There’s more than one way to reduce tobacco use and its nasty health consequences, but raising taxes seems to be a good way to start, according to a new study. A group of UK researchers went through health and tax data of 159 countries and found a reduction in neonatal and infant mortality as a direct consequence of raising taxes on tobacco.
Tobacco has severe, damaging adverse impacts on human health globally — especially on children. Exposure to secondhand smoke (SHS) is estimated to kill over 56,000 children each year around the globe just through exposure at home. Smoking during pregnancy or the exposure of pregnant women to SHS is another pathway through which smoking increases risks for the health of children and babies.
The World Health Organization (WHO) recommends a set of measures to discourage tobacco consumption. These include monitoring tobacco use, protecting people from SHS, offering help and incentives to quit, enforcing bans on tobacco advertising, and, most importantly, raising taxes — which has shown to be the most effective measure with documented health benefits among adults.
There are fewer studies examining the impact of tobacco taxation on child health outcomes than there are on adults. While these studies show mostly positive impacts of taxation on preterm birth and infant mortality, research has mostly been done only in high-income countries — meaning we’re less certain what happens in low- and middle-income countries with high air pollution and low awareness of tobacco-related harm.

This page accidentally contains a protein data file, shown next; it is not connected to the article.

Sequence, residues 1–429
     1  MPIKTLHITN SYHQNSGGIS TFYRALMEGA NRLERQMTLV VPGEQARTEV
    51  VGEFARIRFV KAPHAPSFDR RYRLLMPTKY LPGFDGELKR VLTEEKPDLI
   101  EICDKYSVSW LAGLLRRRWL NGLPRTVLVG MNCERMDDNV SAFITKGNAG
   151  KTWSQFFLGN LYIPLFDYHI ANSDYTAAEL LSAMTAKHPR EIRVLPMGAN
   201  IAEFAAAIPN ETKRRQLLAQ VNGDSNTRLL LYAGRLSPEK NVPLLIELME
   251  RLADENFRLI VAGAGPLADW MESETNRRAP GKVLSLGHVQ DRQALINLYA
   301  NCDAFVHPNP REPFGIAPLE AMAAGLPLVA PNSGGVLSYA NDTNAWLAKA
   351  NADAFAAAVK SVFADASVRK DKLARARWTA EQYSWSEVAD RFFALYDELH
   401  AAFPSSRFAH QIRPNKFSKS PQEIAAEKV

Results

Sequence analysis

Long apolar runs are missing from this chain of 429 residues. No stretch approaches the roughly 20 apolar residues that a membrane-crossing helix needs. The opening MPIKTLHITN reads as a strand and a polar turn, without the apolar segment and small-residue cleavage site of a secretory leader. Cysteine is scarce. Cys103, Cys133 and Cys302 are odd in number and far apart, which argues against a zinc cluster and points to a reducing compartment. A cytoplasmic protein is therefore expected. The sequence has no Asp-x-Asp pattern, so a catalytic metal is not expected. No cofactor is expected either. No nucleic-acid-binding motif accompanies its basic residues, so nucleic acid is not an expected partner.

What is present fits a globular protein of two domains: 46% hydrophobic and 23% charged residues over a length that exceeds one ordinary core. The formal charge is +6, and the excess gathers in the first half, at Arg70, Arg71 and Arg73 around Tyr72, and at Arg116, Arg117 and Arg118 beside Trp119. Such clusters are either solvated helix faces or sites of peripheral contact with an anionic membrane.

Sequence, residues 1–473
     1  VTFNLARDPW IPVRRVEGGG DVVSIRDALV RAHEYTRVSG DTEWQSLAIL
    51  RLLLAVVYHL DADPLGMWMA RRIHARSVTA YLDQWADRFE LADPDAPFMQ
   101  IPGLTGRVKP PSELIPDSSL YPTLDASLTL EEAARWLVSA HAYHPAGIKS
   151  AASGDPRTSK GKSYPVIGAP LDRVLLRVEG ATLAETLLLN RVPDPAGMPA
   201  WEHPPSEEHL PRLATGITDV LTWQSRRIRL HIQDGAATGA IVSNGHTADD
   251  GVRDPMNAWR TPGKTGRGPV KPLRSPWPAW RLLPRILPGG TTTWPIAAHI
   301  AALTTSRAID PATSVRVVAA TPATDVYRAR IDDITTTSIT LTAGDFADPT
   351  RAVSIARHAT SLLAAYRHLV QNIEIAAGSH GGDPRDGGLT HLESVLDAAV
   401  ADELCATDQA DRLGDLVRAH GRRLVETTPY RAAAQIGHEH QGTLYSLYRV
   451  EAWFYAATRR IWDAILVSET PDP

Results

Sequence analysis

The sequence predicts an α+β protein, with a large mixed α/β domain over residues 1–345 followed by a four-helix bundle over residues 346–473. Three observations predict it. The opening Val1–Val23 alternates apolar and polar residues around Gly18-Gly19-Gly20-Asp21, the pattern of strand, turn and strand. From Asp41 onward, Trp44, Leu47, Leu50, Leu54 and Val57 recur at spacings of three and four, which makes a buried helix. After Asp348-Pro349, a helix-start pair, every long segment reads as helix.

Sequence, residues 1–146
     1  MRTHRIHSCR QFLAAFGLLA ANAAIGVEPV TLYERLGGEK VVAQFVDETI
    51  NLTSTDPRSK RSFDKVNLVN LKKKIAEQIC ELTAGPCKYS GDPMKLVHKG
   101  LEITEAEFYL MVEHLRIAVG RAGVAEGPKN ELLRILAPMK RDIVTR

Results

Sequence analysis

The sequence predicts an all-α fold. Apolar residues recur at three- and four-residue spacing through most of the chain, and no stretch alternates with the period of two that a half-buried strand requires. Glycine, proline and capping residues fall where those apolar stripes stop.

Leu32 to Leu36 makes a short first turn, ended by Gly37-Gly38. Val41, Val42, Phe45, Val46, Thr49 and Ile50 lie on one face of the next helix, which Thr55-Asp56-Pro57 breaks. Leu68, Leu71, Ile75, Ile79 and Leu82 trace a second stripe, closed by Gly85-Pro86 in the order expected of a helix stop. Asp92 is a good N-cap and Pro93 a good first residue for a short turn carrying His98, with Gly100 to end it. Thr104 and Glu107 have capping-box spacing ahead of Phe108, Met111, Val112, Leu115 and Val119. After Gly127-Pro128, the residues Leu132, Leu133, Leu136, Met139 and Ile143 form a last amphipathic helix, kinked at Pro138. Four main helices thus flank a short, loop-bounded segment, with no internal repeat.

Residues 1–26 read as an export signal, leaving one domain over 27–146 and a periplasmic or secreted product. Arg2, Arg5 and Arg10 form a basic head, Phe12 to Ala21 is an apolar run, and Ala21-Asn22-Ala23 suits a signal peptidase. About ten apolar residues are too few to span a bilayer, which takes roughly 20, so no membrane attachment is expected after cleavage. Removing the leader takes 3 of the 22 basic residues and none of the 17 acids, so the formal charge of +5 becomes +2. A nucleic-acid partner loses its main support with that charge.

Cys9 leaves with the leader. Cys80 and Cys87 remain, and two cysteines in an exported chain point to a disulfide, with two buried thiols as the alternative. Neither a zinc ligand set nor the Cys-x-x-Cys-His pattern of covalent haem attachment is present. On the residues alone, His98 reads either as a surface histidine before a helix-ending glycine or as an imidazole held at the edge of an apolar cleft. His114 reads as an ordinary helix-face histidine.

“We know that tobacco smoke is harmful to the health of people of all ages, but that increasing levels of tax on tobacco can bring down smoking rates. But all of the research on how tobacco taxes can impact infant health comes from high-income countries, so we wanted to examine the impacts of tobacco taxation on infants,” Anthony Laverty, study author, told ZME Science.
Taxes and tobacco
Laverty and the group of researchers used data ranging from 2008 to 2018 on neonatal and infant mortality, tobacco taxation, gross domestic product, fertility rate, education, and access to drinking water, among other variants. Across the studied countries, the neonatal mortality rate was 14.4 and the infant mortality rate was 24.9 per 1,000 live births.
These rates were found to be much higher in low- and middle-income countries than in developed countries, the study showed. A total of 33 children aged under one in every 1,000 dies every year in low- and middle-income countries, compared to 4 newborns and 6 under-ones in every 1,000 in developed countries.
The researchers found that a 10% increase in total cigarette tax as a percentage of the retail price was associated with a 2.6% decrease in neonatal mortality and a 1.9% decrease in infant mortality globally. They estimated that 231,220 infant deaths could have been averted in 2018 if all countries had a total cigarette tax of at least 75%. Almost all of these averted deaths would have been in low- and middle-income countries.
Average total tobacco taxes were also found to be currently much higher in developed countries than in low- and middle-income countries. The World Health Organization recommends a 75% tax level on tobacco and most of the countries developed and developing, are not achieving this. This could be because of political resistance and a lack of awareness, Laverty said.
“Our study provides crucial new evidence to strengthen advocacy for increased tobacco taxation to protect child health. Increased taxation alongside other tobacco control measures should be better integrated into national and global strategies to reduce neonatal and infant mortality to accelerate progress in the achievement of SDG targets,” the researchers wrote